James the Brother of Jesus: The Key to Unlocking the Secrets of Early Christianity and the Dead Sea Scrolls

Front Cover
Penguin, Mar 1, 1998 - Biography & Autobiography - 1136 pages
James was a vegetarian, wore only linen clothing, bathed daily at dawn in cold water, and was a life-long Nazirite. In this profound and provocative work of scholarly detection, eminent biblical scholar Robert Eisenman introduces a startling theory about the identity of James—the brother of Jesus, who was almost entirely marginalized in the New Testament.

Drawing on long-overlooked early Church texts and the Dead Sea Scrolls, Eisenman reveals in this groundbreaking exploration that James, not Peter, was the real successor to the movement we now call "Christianity." In an argument with enormous implications, Eisenman identifies Paul as deeply compromised by Roman contacts. James is presented as not simply the leader of Christianity of his day, but the popular Jewish leader of his time, whose death triggered the Uprising against Rome—a fact that creative rewriting of early Church documents has obscured.

Eisenman reveals that characters such as "Judas Iscariot" and "the Apostle James" did not exist as such. In delineating the deliberate falsifications in New Testament dcouments, Eisenman shows how—as James was written out—anti-Semitism was written in. By rescuing James from the oblivion into which he was cast, the final conclusion of James the Brother of Jesus is, in the words of The Jerusalem Post, "apocalyptic" —who and whatever James was, so was Jesus.


What people are saying - Write a review

LibraryThing Review

User Review  - KeithAkers - LibraryThing

Eisenman is a really smart guy with a lot of information at his disposal. However, he can't write worth beans. This is really hard to get through. This book is interesting for early-Christianity geeks ... Read full review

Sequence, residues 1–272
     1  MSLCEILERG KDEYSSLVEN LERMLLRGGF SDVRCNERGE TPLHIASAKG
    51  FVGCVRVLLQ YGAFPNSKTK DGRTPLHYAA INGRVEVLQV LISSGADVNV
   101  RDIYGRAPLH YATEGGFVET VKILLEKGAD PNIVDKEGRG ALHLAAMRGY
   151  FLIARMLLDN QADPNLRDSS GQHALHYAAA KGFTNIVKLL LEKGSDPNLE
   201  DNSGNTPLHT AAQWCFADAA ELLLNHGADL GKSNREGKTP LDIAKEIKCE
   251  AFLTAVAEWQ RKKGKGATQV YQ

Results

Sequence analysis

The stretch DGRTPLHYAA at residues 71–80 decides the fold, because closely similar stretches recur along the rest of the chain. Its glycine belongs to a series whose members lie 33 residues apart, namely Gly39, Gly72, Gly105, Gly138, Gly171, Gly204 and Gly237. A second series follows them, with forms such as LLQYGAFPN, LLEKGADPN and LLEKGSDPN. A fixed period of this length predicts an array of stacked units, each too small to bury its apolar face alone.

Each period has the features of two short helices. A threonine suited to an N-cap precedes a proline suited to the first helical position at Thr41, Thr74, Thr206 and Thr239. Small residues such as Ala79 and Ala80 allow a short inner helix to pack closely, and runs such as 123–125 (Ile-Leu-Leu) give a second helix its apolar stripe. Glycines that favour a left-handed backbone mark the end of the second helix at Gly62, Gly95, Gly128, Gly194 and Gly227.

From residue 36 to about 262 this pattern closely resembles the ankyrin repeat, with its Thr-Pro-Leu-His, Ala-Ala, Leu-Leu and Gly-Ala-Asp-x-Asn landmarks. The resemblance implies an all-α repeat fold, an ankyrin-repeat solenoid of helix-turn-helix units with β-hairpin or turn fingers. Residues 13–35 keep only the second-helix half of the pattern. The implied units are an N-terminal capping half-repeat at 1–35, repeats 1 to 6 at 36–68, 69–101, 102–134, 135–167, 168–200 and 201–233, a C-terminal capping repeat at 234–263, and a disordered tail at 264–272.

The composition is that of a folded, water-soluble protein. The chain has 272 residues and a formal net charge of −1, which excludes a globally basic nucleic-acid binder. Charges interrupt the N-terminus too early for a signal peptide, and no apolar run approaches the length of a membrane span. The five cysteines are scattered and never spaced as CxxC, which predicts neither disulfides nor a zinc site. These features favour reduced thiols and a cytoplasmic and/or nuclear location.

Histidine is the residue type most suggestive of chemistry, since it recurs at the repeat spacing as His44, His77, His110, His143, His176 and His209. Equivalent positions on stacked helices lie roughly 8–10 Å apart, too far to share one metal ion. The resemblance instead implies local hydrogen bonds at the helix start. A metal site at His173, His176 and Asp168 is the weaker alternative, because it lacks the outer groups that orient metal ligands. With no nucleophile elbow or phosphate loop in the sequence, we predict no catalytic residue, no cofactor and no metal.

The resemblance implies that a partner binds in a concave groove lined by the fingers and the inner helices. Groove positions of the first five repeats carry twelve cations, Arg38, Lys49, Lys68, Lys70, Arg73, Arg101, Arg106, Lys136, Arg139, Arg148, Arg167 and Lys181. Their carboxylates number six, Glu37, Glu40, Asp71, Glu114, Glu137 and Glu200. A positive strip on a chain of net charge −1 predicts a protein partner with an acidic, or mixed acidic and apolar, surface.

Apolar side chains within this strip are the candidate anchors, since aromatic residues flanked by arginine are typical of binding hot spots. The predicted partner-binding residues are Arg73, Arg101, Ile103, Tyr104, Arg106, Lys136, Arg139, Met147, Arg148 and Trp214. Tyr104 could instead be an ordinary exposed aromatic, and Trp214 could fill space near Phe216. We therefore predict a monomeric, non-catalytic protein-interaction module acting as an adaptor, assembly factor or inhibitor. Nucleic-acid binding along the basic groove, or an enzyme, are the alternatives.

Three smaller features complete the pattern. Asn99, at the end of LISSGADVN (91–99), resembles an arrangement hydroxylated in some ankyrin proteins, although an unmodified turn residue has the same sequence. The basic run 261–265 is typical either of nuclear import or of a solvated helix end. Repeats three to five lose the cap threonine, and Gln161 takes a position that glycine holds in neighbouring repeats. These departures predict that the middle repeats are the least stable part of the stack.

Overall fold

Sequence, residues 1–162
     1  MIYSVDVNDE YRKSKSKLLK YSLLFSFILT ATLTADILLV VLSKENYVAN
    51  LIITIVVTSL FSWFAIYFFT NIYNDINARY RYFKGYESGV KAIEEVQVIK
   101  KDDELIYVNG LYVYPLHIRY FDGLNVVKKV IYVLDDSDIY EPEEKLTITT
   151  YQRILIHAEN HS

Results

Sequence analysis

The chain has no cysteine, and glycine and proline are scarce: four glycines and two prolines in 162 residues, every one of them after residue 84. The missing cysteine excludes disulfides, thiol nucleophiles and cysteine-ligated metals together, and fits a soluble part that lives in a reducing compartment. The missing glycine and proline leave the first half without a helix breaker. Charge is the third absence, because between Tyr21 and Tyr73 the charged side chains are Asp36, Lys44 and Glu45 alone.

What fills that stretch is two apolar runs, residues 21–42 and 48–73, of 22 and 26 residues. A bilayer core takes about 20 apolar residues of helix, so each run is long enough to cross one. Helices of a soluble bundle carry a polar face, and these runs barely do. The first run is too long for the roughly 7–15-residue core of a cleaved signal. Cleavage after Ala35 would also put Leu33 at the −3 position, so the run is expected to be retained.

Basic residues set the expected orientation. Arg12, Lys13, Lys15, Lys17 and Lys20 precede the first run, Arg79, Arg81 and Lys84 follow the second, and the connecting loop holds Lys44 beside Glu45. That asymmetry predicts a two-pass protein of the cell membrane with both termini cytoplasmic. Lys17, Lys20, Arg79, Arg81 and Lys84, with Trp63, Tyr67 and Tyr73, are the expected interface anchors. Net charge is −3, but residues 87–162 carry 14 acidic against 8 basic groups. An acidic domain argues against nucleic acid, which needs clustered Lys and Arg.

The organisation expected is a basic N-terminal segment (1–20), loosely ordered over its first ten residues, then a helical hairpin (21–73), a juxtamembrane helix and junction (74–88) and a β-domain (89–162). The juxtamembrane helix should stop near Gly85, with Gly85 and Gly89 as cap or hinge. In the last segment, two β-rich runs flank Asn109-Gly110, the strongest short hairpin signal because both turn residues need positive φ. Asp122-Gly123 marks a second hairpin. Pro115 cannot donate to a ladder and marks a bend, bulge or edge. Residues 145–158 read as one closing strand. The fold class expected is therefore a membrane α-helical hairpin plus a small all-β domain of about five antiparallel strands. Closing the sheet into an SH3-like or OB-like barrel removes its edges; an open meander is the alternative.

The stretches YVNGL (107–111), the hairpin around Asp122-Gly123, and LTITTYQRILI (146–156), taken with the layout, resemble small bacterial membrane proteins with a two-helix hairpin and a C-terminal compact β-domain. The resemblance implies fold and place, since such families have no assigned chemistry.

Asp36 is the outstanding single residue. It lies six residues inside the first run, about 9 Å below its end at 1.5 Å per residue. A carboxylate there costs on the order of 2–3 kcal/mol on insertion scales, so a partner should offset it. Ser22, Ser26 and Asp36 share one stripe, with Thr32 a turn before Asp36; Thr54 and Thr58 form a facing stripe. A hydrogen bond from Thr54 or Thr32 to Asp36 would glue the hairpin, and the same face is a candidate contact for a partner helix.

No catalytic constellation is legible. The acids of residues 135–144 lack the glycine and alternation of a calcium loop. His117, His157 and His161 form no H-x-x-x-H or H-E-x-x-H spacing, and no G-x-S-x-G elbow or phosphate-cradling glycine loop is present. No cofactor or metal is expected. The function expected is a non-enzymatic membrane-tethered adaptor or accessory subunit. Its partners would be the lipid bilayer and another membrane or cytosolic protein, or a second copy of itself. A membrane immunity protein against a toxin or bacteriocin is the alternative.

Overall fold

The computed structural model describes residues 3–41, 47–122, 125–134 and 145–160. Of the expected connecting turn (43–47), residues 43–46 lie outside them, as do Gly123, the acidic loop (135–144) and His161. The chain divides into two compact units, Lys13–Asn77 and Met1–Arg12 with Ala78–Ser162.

JAMES, THE BROTHER OF JESUS: The Key to Unlocking the Secrets of Early Christianity and the Dead Sea Scrolls

User Review  - www.kirkusreviews.com

Gripping but partisan conjectures from Dead Sea Scrolls scholar Eisenman (Middle East Religions/ California State Univ.), arguing that St. James is the missing link between Judaism and a supposed pre ... Read full review


Romans Herodians and Jewish Sects
FirstCentury Sources Mentioning James
Early Church Sources and the Dead Sea Scrolls
The First Appearance of James in Acts
The Picture of James in Pauls Letters
James Succession and the Election to Fill Judas Iscariots Office
The Election of James in Early Church Tradition
The Apostleship of James Cephas and John
James the First to See Jesus
Last Supper Scenarios the Emmaus Road and the Cup of the Lord
Jesus Brothers as Apostles
Simeon bar Cleophas and Simon the Zealot
Judas the Brother of James and the Conversion of King Agbar

James Rechabitism and Naziritism
James Vegetarianism Abstention from Blood and Consuming
James Bathing and Clothing Habits
James as Opposition High Priest and Oblias
The Stoning of James and the Stoning of Stephen
The Death of James in its Historical Setting
The Attack by Paul on James and the Attack on Stephen
The Truth About the Death of James
Peters Visit to Cornelius and Simons Visit to Agrippa
The Conversion of Queen Helen and the Ethiopian Queens Eunuch
Judas Thomas and Theuda the Brother of the Just
Chronological Charts
Note on Translations

Other editions - View all

Common terms and phrases

About the author (1998)

Robert Eisenman is Professor of Middle East Religions and Archaeology and Director of the Institute for the Study of Judeo-Christian Origins at California State University, Long Beach; and Visiting Senior Member of Linacre College, Oxford University. The consultant to the Huntington Library in its decision to free the Scrolls, he was the leading figure in the worldwide campaign to gain access to the Scrolls. A National Endowment for the Humanities Fellow at the Albright Institute of Archaeological Research in Jerusalem, he was a Senior Fellow at the Oxford Centre for Postgraduate Hebrew Studies.

Bibliographic information